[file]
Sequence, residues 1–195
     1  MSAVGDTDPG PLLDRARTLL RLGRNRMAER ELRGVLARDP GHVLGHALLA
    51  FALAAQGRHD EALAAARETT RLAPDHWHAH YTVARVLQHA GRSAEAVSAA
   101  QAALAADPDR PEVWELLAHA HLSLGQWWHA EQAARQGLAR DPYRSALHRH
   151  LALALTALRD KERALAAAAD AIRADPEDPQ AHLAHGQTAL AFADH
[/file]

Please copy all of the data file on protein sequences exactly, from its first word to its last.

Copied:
Sequence, residues 1–195
     1  MSAVGDTDPG PLLDRARTLL RLGRNRMAER ELRGVLARDP GHVLGHALLA
    51  FALAAQGRHD EALAAARETT RLAPDHWHAH YTVARVLQHA GRSAEAVSAA
   101  QAALAADPDR PEVWELLAHA HLSLGQWWHA EQAARQGLAR DPYRSALHRH
   151  LALALTALRD KERALAAAAD AIRADPEDPQ AHLAHGQTAL AFADH